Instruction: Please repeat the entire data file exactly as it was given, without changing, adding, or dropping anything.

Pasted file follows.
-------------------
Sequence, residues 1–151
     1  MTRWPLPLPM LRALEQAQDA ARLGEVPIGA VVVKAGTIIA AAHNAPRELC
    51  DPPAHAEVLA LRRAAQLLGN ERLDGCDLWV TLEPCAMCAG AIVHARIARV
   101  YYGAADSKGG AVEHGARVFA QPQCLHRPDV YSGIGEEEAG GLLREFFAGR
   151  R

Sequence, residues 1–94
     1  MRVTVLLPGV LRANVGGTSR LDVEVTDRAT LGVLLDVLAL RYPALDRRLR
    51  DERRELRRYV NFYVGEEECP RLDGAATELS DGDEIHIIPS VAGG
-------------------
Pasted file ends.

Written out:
Sequence, residues 1–151
     1  MTRWPLPLPM LRALEQAQDA ARLGEVPIGA VVVKAGTIIA AAHNAPRELC
    51  DPPAHAEVLA LRRAAQLLGN ERLDGCDLWV TLEPCAMCAG AIVHARIARV
   101  YYGAADSKGG AVEHGARVFA QPQCLHRPDV YSGIGEEEAG GLLREFFAGR
   151  R

Sequence, residues 1–94
     1  MRVTVLLPGV LRANVGGTSR LDVEVTDRAT LGVLLDVLAL RYPALDRRLR
    51  DERRELRRYV NFYVGEEECP RLDGAATELS DGDEIHIIPS VAGG